If you ask me, that single factoid casts the Giving Pledge in an entirely new light. Yes, Gates and company have done some fantastic things with their charity . But the rest of the country is doing far more than they're getting credit for. Year after year. And as they aren't spending down their net fortunes, it's entirely sustainable.
That's something we don't hear nearly enough.
 Give or take some, as I'm sure those 400 people themselves likely contribute to that total.
Another thing that matters is long-term vision. Many charities try to spend on what is visible to help fundraising, while big private foundations can often invest in R&D and other high-risk high-reward projects.
The infographic plague continues. Surely the author could have gotten more up-to-date information about a 501(c)(3) than five year old data.
And still this company does what it was charged with. We see that with the 'secure computing' in regards to the locked down boot sequence for up and coming Windows ARM devices.
And I bet this "donation" Gates does also encourages Windows as a computing infrastructure.
Edit: why the karma backlash? Have I said something false or misleading? Also, we are not discussing US aid.
And major shareholder, holding 6.2% of total shares outstanding to an approximate market value of $13.2 billion (521 million shares):
The B&MGF have been highly active in education. And computers in education. Guess what OS they favor?
My understanding of much of the medical work done by the B&MGF is that there's been a focus on making patented prescription medicines available inexpensively (a social good), but preserving the strong IP protections on the patents themselves (again, an objective which favors Microsoft Corp's own interests in strong IP.
There is some confluence of interests.
Still, despite my very strong misgivings of Gates, Microsoft, and its business practices, he's made a huge impact on philanthropy and social causes. B&MGF absolutely dominates the field.
I guess the most damning things he has done recently, I have heard through trustworthy sources. The claim is that Gates foundation does indeed do good work, but they also greatly encourage their money to pay software licensing fees (read: MSWindows and MSOffice). Their form of greatly encouraging is very similar to their bulk rates that allow snooping their networks for compliance.
Be aware, I have no direct proof. I only have the word from a close friend who does work in 3rd world countries.
The Foundation has not given that money to charities, it has given some small percentage and invested the rest so that it can last forever.
I put gave in quotes because possibly both parties are not giving unconditionally, but rather purchasing either respect or obedience or something else.
2. Surely this doesn't count the billions the Federal Government gives in military aid.
That is evil.
I'm trying to remember the name of the seed harvester interviewed and for the life of me can't. The Food, Inc. website and a few searches haven't helped either.
You know what would help African farmers? Education about irrigation and scientific, low-moisture farming techniques. Provide non-hybrid seed and equipment than be used by locals to clean and store it.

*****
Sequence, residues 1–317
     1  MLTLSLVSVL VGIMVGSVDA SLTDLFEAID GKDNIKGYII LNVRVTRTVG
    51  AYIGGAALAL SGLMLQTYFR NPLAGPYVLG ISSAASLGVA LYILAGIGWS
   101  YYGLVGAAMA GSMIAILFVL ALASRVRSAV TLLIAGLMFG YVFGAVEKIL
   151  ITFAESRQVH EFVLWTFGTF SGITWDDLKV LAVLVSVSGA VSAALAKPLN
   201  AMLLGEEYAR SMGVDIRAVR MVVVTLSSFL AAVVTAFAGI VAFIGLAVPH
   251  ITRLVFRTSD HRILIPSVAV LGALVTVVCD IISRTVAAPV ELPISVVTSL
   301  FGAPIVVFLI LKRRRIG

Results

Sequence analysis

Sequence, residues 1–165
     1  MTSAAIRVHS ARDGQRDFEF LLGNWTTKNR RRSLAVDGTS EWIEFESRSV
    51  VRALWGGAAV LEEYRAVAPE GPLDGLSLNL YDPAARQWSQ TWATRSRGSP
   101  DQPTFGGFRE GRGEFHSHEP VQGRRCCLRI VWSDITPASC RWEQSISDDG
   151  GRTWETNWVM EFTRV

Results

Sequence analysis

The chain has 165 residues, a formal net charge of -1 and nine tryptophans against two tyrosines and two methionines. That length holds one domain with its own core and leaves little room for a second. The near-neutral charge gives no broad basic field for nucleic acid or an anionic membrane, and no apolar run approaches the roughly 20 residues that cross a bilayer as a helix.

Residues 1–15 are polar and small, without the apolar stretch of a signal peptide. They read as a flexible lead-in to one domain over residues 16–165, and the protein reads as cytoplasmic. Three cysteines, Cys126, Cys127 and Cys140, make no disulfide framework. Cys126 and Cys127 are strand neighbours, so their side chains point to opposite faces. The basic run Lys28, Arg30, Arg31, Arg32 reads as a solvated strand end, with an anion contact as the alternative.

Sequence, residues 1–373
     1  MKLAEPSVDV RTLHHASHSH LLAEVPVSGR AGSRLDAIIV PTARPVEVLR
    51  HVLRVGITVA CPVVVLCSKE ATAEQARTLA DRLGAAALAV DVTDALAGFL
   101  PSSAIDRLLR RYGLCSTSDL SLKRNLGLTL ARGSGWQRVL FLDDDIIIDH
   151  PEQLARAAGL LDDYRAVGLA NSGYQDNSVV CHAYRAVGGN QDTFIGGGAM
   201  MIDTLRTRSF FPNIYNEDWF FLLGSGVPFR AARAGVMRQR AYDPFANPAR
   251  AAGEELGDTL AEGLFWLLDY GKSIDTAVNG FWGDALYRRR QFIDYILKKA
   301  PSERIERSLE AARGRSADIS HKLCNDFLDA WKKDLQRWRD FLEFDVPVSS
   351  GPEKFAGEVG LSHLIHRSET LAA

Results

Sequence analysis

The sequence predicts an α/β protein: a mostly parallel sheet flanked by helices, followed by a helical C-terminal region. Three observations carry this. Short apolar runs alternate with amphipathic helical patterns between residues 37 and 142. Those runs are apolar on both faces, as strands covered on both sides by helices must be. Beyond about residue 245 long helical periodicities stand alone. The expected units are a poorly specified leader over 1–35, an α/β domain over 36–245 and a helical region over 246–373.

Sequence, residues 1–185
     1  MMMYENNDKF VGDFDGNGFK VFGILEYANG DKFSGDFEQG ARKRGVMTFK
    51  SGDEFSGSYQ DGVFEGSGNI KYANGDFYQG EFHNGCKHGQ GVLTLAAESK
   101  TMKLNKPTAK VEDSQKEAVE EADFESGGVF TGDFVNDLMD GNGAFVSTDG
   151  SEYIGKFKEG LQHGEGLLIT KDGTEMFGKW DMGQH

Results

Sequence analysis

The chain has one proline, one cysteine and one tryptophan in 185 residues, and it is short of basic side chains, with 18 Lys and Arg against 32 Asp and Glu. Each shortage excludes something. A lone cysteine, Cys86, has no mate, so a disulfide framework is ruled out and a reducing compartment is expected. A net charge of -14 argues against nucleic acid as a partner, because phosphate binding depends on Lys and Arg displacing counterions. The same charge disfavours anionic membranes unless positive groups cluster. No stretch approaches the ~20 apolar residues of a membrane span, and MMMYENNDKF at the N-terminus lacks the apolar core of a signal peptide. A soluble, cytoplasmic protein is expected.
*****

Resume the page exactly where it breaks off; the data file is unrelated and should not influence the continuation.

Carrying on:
The solution is never so simple. I could just as easily and correctly (ignoring all human implications) say "You know what would help African farmers? Move them somewhere more conducive to human life." Sounds awesome in theory, but consider the implementation details and effects on life of both options. You always have to make a trade off in practice between what is an "ideal" solution scientifically and what can actually be implemented given the real humans involved.
This is not accurate as a blanket statement. Not all genetically engineered seeds are sterile, only a limited subset (Monsanto only acquired the sterile technology in 2007 and I don't think they use it in all seeds)
The heroin analogy is idiotic. Nothing is stopping the farmers from switching back to conventional crops if they don't find GMO's more profitable then what they were doing before
This problem has already occurred in most western vegetable growing. Locally adapted varieties and varieties with certain commercially undesirable characteristics are lost forever, this has a massive negative impact on biodiversity, and thus food supply security.
And while I find it impressive what Warren Buffet has accomplished, I don't find it very productive for humanity. I'm not anti-capitalist, but the pure money makers who gather wealth without providing a service/product are not heroes in my book.
Everyone on HN recognizes the importance of angels and VCs in the ecosystem - what's so different about what Buffett does? What's so magical about an IPO that means, once it happens, no one who risks their own money on the venture should count as having contributed to its growth?
Making your money in stocks and shares isn't praiseworthy work at all, but I don't see how you can look down on someone who does that and gives so much of the profit to charity.
GiveWell (http://givewell.org) does in-depth reviews of charities and recommends the best ones, based on things like cost-effectiveness and transparency.
Giving What We Can (http://givingwhatwecan.org) is a place where you can make a similar pledge (like 10% of your income), and community to support people who have done so.
How much money have you given to charity?
Will you be leaving all of your money to charity when you die or will you leave it to your family?
I'm not against inheritance, I stand to do pretty well from it myself in the (hopefully not too-near) future, but there's different levels. In general I think anyone who can afford to ought to give to charity as often as possible (and again, I'm not talking selflessness, I can't preach living a budget life in order to give more to charity given that I chose to prioritise living well over giving to charity), but for the super rich, does giving your children $10b really help them more than giving them $5b?